Image: Benjamin Child
On the face of it iOS 9 doesn’t sound like much, but it will cause a huge shift in the media landscape. Apple’s newly-released iOS 9 allows users to install a new type of software called “Safari Content Blockers”. These new apps for iPhones and iPads change the way that the Safari web browser loads websites – with their main aim being to block internet advertising and to stop advertising tracking software from running. They’re incredibly simple: you install a blocker from the App Store, spend a minute setting it up, and then almost all of the adverts on the internet simply disappear.
Since adverts are no longer downloaded, browsing the web on your iPhone is also suddenly much quicker, a lot more stable, uses less battery, and web pages require less of your data limit to load. Unsurprisingly, the number one paid app on the App Store is currently one of these so-called ‘ad-blockers’.
While it seems that ad-blocking is incredibly compelling for iPhone users, internet publications desperately need advertising revenues in order to survive. While reading an article online typically doesn’t have a physical cost attached, it isn’t truly free, and your access to the content is subsidised through being subjected to advertising. If you visit a website with an ad-blocker turned on, the publication will earn a meaningfully smaller amount of money for your visit.
Ad-blocking has existed on computers and other phones for years, and questions have consistently been raised about the ethics surrounding them. Supporters argue that internet advertising is intrusive – not only visually on a page, but also how advertising networks track users across the internet without their consent. Meanwhile, people who are against the practice of ad-blocking often equate it to simply stealing a publication’s content. Whether moral or not, Apple has given its millions of users a simple way of increasing their phone’s battery life and decreasing their data usage through Content Blockers – and it is unclear how many users will pause to truly consider the ethical repercussions. It’s also worth noting that Apple’s Safari is by far and away the most popular mobile web browser, accounting for 40-50% of all mobile internet usage.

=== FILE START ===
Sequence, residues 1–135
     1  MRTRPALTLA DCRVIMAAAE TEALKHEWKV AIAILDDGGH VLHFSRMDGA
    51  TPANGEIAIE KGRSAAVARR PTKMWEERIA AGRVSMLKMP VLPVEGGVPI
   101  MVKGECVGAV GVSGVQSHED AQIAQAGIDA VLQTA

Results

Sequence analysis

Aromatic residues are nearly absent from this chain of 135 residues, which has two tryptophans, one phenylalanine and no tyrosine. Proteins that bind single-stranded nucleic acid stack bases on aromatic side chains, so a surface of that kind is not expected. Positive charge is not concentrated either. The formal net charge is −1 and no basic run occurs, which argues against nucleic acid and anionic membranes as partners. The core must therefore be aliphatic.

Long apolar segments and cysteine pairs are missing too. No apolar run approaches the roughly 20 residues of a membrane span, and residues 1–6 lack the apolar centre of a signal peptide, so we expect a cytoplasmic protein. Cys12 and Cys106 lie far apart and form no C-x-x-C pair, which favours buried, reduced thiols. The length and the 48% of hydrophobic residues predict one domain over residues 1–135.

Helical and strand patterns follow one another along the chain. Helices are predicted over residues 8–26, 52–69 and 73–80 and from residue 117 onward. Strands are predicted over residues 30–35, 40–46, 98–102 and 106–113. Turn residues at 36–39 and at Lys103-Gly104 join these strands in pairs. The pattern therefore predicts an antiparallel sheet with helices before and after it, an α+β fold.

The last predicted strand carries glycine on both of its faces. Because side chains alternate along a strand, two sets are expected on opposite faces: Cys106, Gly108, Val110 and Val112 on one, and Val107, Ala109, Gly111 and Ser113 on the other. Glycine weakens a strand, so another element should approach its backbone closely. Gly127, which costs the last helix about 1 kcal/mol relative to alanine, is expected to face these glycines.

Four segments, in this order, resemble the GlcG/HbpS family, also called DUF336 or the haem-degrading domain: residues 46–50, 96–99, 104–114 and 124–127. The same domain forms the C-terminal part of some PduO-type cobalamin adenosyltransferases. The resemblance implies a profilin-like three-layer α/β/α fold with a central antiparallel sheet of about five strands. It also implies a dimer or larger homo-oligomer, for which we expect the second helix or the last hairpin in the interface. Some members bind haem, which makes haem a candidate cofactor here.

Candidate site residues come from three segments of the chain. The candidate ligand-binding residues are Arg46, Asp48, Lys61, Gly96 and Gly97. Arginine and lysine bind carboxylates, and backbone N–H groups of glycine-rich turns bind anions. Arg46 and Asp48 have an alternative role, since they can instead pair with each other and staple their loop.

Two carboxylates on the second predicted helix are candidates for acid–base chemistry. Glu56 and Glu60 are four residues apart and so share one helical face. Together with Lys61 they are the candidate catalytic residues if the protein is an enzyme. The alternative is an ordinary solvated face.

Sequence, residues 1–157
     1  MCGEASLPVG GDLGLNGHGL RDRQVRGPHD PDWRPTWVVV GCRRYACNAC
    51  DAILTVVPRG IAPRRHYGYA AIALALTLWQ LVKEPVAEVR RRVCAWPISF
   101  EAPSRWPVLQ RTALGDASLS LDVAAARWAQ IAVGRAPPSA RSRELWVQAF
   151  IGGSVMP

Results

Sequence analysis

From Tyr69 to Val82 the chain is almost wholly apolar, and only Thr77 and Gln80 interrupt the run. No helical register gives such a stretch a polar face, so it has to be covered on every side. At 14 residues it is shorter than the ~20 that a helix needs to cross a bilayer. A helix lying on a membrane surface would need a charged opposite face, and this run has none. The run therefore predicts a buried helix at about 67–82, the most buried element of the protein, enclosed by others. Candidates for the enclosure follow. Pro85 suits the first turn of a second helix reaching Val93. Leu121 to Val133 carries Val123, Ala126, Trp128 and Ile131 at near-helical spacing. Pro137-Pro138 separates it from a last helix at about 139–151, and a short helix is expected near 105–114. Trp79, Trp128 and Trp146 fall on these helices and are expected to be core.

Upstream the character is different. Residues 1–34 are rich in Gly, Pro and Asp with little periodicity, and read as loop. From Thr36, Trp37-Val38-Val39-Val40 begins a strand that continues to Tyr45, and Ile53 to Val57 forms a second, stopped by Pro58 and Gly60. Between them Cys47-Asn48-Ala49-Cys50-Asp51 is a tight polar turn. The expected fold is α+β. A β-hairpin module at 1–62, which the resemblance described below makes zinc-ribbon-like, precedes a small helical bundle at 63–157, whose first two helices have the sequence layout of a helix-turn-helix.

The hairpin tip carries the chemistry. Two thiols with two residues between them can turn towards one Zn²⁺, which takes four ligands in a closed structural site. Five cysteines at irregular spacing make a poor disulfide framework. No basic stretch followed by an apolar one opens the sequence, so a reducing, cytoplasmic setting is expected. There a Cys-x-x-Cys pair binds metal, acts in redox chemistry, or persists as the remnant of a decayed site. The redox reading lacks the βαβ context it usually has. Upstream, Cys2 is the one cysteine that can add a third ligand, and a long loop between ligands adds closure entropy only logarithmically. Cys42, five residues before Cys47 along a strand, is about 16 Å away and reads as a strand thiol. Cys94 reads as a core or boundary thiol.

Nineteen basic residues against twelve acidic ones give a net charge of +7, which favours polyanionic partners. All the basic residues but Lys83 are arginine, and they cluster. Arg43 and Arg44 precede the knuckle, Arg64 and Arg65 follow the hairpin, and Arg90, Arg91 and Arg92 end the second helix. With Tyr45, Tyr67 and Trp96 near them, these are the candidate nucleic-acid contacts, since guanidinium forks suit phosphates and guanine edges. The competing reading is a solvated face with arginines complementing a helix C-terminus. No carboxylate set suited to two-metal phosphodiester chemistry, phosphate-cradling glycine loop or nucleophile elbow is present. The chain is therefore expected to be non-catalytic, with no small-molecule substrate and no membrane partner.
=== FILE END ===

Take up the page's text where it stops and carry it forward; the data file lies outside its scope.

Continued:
iOS 9 also includes a new Apple-made “News” app. The service has already launched in the US, and is reported to launch in the UK soon. News generates an elegant and cohesive reading experience by bringing together journalist’s articles from publishers who have signed up to the service. Ad-blockers don’t work here, and Apple offers desirable rates to publications on the adverts it serves in-app. They appear to be positioning News directly against the open web, and WIRED has announced that one of its high-profile feature articles will be available exclusively on Apple News before they publish it on their own website.
This is the great confusion within iOS 9’s launch. Through it’s Safari Content Blockers, Apple has managed to infuriate the people they are simultaneously trying to win over with News.
For publishers, it seems that Apple is offering a solution to a problem that the company is also making worse. While the open web has never provided journalists with a sustainable revenue model, many writers fear that they will lose some of their freedoms by adopting these controlled services like Apple’s News or also Facebook’s Instant Articles service. It appears they have begun to relinquish their powers to the technology companies sooner than they first thought.